The Extractor vs Fisher Price

Not only is my sister Laura a Non-toxic Ninja Mommy, she’s also earned the title of The Extractor around here.  Laura’s the one who works behind the scenes to gather much of the information for the safer product lists we share with you.

Laura’s most recent foray into the often secretive world of manufacturing involved a stand-off with the notorious Fisher Price.  I asked her to share this story with you because it perfectly illustrates what we parents go through to get basic information about the products we buy for our children.

The Extractor vs Fisher Price, Laura’s Experience

I called Fisher Price (again) to ask about a specific product’s materials. Specifically, I wanted to know what type of plastic was used in their children’s booster chairs. It was the only question I had and they gave me the same answer as usual, “Our ingredients are proprietary, and we can give you no further information.” So I decided to push a little, and was given the same line at least five more times. Then I asked to speak with the supervisor and the operator I was speaking with was happy to accommodate me :)

I waited on hold for a good ten minutes before the supervisor finally picked up. I explained the question once again and of course, I was told the same thing, “Our ingredients are proprietary.” She also told me that the call center employees aren’t given any other information, so there was no way she could provide me with the answer I was looking for. I went ahead and pushed a little harder, explaining that consumers don’t appreciate it when a company refuses to disclose simple details like this, and that it will cause them to lose business if it hasn’t already (we at TSL have been trying to get information from Fisher Price since 2007).

I explained my product research job at TSL and told her that we never recommend companies that won’t cooperate in providing pertinent information.  I also made it very clear that we were not looking to replicate any of their products.    After nearly an hour of going back and forth with a call center operator and two supervisors, I was finally told that Fisher Price doesn’t use BPA in any of their food contact products.  I thought it was amazing how they gained access to this information suddenly!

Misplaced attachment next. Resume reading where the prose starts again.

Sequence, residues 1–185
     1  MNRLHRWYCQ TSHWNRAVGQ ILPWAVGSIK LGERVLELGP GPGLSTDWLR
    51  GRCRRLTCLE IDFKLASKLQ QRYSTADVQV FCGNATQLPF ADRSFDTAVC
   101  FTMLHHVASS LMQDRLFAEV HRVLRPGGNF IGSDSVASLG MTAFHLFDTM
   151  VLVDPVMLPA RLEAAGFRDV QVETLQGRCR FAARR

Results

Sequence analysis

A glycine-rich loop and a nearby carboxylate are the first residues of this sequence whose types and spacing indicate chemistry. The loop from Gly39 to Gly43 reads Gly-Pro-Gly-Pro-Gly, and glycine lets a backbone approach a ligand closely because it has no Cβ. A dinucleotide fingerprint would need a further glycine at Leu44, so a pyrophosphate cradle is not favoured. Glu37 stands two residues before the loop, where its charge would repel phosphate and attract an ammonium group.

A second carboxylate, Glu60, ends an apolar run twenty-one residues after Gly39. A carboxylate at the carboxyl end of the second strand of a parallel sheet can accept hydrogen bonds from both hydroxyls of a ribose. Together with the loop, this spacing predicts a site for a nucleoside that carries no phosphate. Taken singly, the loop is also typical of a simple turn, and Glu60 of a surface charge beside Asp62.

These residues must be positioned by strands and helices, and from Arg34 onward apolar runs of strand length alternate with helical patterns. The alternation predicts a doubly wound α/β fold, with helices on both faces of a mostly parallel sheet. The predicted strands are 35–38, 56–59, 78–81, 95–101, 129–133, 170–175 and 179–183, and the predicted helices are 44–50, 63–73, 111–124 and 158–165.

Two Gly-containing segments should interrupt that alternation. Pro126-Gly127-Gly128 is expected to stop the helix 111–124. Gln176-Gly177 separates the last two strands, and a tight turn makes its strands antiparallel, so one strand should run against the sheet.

Happy Dance or More Frustration?

So Fisher Price finally decided let loose a bit of information.  While it’s a start, we want more.  We expect more from a company like Fisher Price – which reminds me of Safe Mama’s call to boycott in 2008:

Fisher Price, we’re afraid, is being a bully and assuming we’ll all continue to buy their products and get over it. Sorry Fisher Price… until you start giving parents what they need to feel comfortable buying your products, we just won’t buy them.

So here we are three years later and we still have no clue as to the plastic they’re using. It’s time for parents to take away the tired, old “proprietary” excuse by diverting our dollars to transparent companies. No more hiding behind an angelic smile, hoping that we’ll eventually be quiet and go away.

Photo Source: iStockPhoto

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  • Mphin278

    I’m passing it on! I’ve already boycotted :)

  • Mommy Is Green

    Go Laura! It is so frustrating to contact these companies. They can’t say what kind of plastic they use?! Come on! The whole proprietary excuse is nonsense. As you pointed out, we just want to know if it’s safe. I’m definitely not planning on trying to make a booster chair myself.

  • boo

    They have no need to change their ways. There are PLENTY of parents who are ignorant of the health concerns and others who just don’t care. It is very sad. I have had my share of unpleasant conversations with fisher-price. But unless they feel a loss economically, I don’t think they will change. Any chance we can get the whole country to ban their products?

  • navanavanava

    I haven’t bought ANY of their products because of that fact!! Plus how their stacker toy leaks inks in babies’ mouths and they 1) claim it doesn’t happen 2) whatever it is, is safe (yeah right!).

  • Sabrina

    Boycotting manufacturers is an excellent way to vote with dollars. If enough moms pass the word, they’ll start to feel it. Also, writing letters to retailers to let them know you won’t be buying products with mysterious ingredients will send a powerful  message. There will be no Fisher Price toys in my household, and my mothers’ environmental health discussion group will be hearing all about why! Thanks!

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